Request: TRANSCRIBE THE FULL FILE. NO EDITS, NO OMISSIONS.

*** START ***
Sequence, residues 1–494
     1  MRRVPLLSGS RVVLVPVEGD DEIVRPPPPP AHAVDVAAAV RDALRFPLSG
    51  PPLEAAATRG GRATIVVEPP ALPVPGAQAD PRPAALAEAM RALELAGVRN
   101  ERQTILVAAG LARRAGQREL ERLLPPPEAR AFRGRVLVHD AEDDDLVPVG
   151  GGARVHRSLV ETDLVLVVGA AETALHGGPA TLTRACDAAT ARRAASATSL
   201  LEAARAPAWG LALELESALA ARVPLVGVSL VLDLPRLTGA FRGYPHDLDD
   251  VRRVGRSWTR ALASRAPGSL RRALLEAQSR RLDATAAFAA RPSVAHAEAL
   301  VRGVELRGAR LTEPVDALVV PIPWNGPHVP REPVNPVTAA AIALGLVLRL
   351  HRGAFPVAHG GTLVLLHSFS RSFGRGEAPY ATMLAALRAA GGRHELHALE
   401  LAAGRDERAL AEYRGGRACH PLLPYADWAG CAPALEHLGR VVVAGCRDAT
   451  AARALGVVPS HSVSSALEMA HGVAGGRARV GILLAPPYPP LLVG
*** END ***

Sequence, residues 1–494
     1  MRRVPLLSGS RVVLVPVEGD DEIVRPPPPP AHAVDVAAAV RDALRFPLSG
    51  PPLEAAATRG GRATIVVEPP ALPVPGAQAD PRPAALAEAM RALELAGVRN
   101  ERQTILVAAG LARRAGQREL ERLLPPPEAR AFRGRVLVHD AEDDDLVPVG
   151  GGARVHRSLV ETDLVLVVGA AETALHGGPA TLTRACDAAT ARRAASATSL
   201  LEAARAPAWG LALELESALA ARVPLVGVSL VLDLPRLTGA FRGYPHDLDD
   251  VRRVGRSWTR ALASRAPGSL RRALLEAQSR RLDATAAFAA RPSVAHAEAL
   301  VRGVELRGAR LTEPVDALVV PIPWNGPHVP REPVNPVTAA AIALGLVLRL
   351  HRGAFPVAHG GTLVLLHSFS RSFGRGEAPY ATMLAALRAA GGRHELHALE
   401  LAAGRDERAL AEYRGGRACH PLLPYADWAG CAPALEHLGR VVVAGCRDAT
   451  AARALGVVPS HSVSSALEMA HGVAGGRARV GILLAPPYPP LLVG